If you’ve not heard of it before, 30 Days of Biking is a personal challenge with a charitable edge. People pledge to ride their bike every day in April, and for every two that do, 1USD is donated to World Bicycle Relief. This year the organisers are hoping to get 10,000 people signed up – to raise 5,000USD. It’s not as easy as it sounds, and a number of the Team Singletrack riders taking the challenge this year have scores to settle following previous failures.
Meet the team:
My ’30 days of bike selfies’ (that is the brief, right?) will mainly consist of photos of my road bike (I’m training for Ride London), cups of coffee, sunsets and mountain bike shots framed to try to make me look like I am a really good rider despite the fact that I am not. So, nothing new there then. To liven things up a little, I will endeavour to be photographed with a celebrity at least once. Wish me luck.
Giles completed 30 Days of Biking for the first time back in 2014 with a dubious mix of off-road, hire-bike and convoluted trips to cafes. Spending most of his time on a front-sus ‘cross bike of his own making (haters gonna hate) Giles spends most of his rides on trails and singletrack eating up the miles as he adapts from CX racing to endurance riding. 30 Days will allow Giles to fill his Instagram and Twitter feeds (@cakebikecake) with more than just pictures of his cat, cakes and cheese. Be warned though, there may be a pink Brompton on his commuter days!
Photo by Chris Davies
Contributor for both Singletrack and Grit.cx, Greg has been riding bikes most days for the past 20 years, everything from wooden boards, ‘cross, to 24 hour mountain bike races. This year, he’s training for the Tour Divide – a 2,700 odd mile race from Banff Canada to the US/Mexican border – and has no real reason not to ride his bike. If you want to get an idea of what goes on inside the mind of an endurance rider, and possibly find out if Trump will get his wall with Mexico, you can follow him on Twitter (@greg_may_) and Instagram (@gregory.c.may). If you see him, stop him and feed him.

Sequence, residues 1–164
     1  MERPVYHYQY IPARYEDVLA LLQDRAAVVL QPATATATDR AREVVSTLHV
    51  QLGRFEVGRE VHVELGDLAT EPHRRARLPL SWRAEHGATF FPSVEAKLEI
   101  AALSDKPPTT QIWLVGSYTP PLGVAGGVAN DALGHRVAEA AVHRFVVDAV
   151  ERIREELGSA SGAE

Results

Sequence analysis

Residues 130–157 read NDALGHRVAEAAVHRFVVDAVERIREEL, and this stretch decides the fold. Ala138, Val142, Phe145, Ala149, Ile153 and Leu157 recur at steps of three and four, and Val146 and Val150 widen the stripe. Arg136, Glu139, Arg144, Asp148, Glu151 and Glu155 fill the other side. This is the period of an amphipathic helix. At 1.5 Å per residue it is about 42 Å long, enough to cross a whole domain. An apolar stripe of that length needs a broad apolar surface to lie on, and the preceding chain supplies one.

Photo by Ed Oxley, Great Rock.
This will be Hannah’s third attempt at 30 Days of Biking. Previous efforts have included some rather contrived fitting of rides into each day, including one after dark (and beer) ride around a friend’s garden on their Dad’s bike. Currently most of her rides are head down frantic commutes between work and the school gate, so she’s hoping that having to take a photograph a day will help her to sit up and take in the pleasures of riding, and maybe even find time to take the long way round to work.
Lara has successfully managed 30 Days of Biking for the last two years and thought she’d give it another whirl for 2016. While faux-commutes (she works from home) and social rides carry her through most days, past years have also required half mile bimbles to the corner shop, creative travel in Paris, and setting aside a morbid fear of dying under a bus in central London. She loves having to make an effort to use her bike every day and the fitting finale to it all this year will be her first Welsh Ride Thing.
30 days of biking seems a little too good to be true: I now have a valid excuse to ride my bike every day for a whole month and in doing so help raise money for a charity that supports people and communities in Africa to use bikes to further their economic development. And, what’s more, I have now made a commitment to document this for Singletrack and thus have an even better reason to prioritise a quick spin over any mundane household task or staying late at work. What can possibly go wrong…?
Wish us luck!
We’ll be bringing you regular updates on how our riders are getting along, in the form of photo diaries. Check back to see whether the experience is inspiring them to create beautiful landscapes, smiling selfies, or just bedraggled snaps of puncture repairs in the rain. Feel free to provide encouragement, share your 30 Days of Biking tales with us, or sit back with a nice ale by that roaring fire and be glad that you’re not the fool that absolutely has to go out in the icy rain or face public failure.